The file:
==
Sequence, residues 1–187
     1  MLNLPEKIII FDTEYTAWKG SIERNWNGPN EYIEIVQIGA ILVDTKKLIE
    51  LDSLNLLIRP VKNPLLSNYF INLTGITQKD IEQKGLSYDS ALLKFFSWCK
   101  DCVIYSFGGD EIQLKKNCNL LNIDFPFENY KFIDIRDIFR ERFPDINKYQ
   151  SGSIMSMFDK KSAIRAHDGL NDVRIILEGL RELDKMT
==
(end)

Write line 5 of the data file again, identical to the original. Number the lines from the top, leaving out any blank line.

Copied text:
   151  SGSIMSMFDK KSAIRAHDGL NDVRIILEGL RELDKMT